Does Cartilage Degenerate in Asymptomatic Hips With Cam Morphology?

Clin Orthop Relat Res. 2019 May;477(5):962-971. doi: 10.1097/CORR.0000000000000629.


Background: The management of asymptomatic individuals with cam femoral morphology that predisposes their hips to femoroacetabular impingement has received little attention. Such hips may have subclinical articular damage; however, whether this cartilage damage will progress is unknown as is whether any particular bone morphologies are associated with this progression. Such knowledge could help determine the natural history and guide management of such individuals.

Questions/purposes: The purpose of this study was to determine whether (1) asymptomatic hips with cam morphology are at risk of further cartilage degeneration (as evaluated by T1ρ); (2) T1ρ changes are predictive of symptom onset; and (3) bony morphologic parameters are associated with T1ρ signal changes.

Methods: In a prospective, longitudinal study, 17 asymptomatic volunteers/hips (16 men; 33 ± 6 years) with cam morphology underwent two T1ρ MRI scans and functional assessment (WOMAC) at recruitment and at 4 years (range, 2-6 years). Volunteers were recruited from a previous study, which reported on the prevalence of cam morphology among asymptomatic individuals using hip MRI; cam morphology was defined as an α angle ≥ 60° anterolaterally and/or ≥ 50.5° anteriorly relative to the neck axis. The differences in T1ρ values (ΔT1ρ) and relative differences (%ΔT1ρ) were calculated as: ΔT1ρ = T1ρFollowup - T1ρInitial and %ΔT1ρ = ΔT1ρ/T1ρInitial. A %ΔT1ρ > 17.6% was considered clinically important. Using CT data, femoral, acetabular, and spinopelvic parameters were measured. Whether ΔT1ρ and/or %ΔT1ρ was associated with any of the bone morphologic parameters was tested using Spearman's correlation coefficient.

Results: The global T1ρ in these asymptomatic hips with cam morphology remained unchanged between initial (mean, 35 ± 5 ms) and followup scans (mean, 34 ± 3 ms; p = 0.518). No differences with the numbers available in T1ρ values were seen initially between the anterolateral and posterolateral (34 ± 6 ms versus 33 ± 4 ms; p = 0.734) regions; at followup, T1 values were higher posterolaterally (36 ± 5 ms versus 32 ± 5 ms; p = 0.031). The mean global ΔT1ρ was 1 ± 5 ms (95% confidence interval, -1 to +3 ms) and the mean global %ΔT1ρ was 2% ± 13%. Two volunteers reported lower WOMAC scores; one patient exhibited a clinically important increase in %ΔT1ρ (-26%). The degree of acetabular coverage correlated with %ΔT1ρ (rho = 0.59-0.61, p = 0.002); the lesser the acetabular coverage anterolaterally, the greater the corresponding area's T1ρ at followup.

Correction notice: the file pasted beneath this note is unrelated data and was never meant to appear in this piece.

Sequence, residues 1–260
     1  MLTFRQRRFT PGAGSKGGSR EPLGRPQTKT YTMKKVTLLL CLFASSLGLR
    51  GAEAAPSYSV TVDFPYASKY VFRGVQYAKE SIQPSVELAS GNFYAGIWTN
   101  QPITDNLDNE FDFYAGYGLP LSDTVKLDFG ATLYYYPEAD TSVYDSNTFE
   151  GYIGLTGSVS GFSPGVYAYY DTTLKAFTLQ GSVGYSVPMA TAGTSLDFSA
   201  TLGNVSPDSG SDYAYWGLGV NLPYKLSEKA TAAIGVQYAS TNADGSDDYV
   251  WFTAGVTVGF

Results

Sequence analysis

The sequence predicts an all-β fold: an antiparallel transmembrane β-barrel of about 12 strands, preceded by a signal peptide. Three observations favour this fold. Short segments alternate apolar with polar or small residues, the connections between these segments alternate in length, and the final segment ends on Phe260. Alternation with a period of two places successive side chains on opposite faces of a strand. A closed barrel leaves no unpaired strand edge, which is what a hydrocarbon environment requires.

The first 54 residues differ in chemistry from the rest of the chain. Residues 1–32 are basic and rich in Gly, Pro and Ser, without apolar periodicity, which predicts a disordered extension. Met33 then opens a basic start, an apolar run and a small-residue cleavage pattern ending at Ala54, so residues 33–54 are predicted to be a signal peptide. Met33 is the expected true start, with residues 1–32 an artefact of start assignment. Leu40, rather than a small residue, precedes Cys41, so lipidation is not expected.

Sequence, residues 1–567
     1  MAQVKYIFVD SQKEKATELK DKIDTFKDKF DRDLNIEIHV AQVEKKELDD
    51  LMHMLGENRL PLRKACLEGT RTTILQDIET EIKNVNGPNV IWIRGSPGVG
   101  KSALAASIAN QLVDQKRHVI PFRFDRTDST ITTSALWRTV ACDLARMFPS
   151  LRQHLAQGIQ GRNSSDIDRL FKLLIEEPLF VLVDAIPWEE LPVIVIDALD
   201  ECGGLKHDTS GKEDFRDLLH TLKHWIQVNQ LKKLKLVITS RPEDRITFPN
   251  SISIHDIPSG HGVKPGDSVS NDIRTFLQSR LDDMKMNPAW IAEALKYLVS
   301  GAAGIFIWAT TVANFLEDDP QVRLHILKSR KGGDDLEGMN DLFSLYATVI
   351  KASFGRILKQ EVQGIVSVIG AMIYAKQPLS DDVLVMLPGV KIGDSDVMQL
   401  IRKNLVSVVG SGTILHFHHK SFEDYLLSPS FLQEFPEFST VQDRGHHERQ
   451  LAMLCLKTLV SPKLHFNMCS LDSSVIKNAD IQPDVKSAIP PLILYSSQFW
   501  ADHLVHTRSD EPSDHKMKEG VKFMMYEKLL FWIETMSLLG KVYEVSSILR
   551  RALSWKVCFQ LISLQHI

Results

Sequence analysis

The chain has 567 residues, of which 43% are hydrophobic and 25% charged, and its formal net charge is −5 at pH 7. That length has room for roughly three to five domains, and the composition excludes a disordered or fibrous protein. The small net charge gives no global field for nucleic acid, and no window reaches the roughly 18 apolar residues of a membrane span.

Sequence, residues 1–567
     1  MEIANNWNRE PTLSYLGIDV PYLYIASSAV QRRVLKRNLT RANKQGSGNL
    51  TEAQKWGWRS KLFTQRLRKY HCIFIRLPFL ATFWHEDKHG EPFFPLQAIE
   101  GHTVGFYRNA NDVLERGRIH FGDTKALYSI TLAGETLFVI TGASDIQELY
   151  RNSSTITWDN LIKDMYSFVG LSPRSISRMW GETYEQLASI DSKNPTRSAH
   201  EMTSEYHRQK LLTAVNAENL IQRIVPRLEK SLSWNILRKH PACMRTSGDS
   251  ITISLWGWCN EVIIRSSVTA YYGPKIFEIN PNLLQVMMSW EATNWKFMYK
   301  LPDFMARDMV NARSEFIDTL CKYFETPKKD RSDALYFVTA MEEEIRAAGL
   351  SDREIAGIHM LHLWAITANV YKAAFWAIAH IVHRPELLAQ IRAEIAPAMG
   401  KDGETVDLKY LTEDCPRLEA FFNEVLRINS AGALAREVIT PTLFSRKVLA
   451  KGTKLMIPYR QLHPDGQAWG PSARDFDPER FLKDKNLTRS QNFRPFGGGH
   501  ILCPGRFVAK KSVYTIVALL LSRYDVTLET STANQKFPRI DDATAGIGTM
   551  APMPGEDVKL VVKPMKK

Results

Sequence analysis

Conclusions: Although signs of posterolateral joint degeneration were detected, these were not generally associated with symptoms, and only one of the two volunteers with the onset of symptoms had a clinically important increase in %ΔT1ρ. We found that reduced acetabular coverage may increase the likelihood that preclinical cartilage degeneration will arise within 2 to 6 years; thereby reduced acetabular coverage should be considered when stratifying asymptomatic hips at risk of degeneration. Future studies should be performed with a larger cohort and include femoral version among the parameters studied.

Level of evidence: Level II, diagnostic study.

MeSH terms

  • Adult
  • Cartilage, Articular / diagnostic imaging
  • Cartilage, Articular / pathology*
  • Disease Progression
  • Female
  • Femoracetabular Impingement / diagnostic imaging
  • Femoracetabular Impingement / pathology*
  • Hip Joint / diagnostic imaging
  • Hip Joint / pathology*
  • Humans
  • Magnetic Resonance Imaging
  • Male
  • Middle Aged
  • Prospective Studies
  • Tomography, X-Ray Computed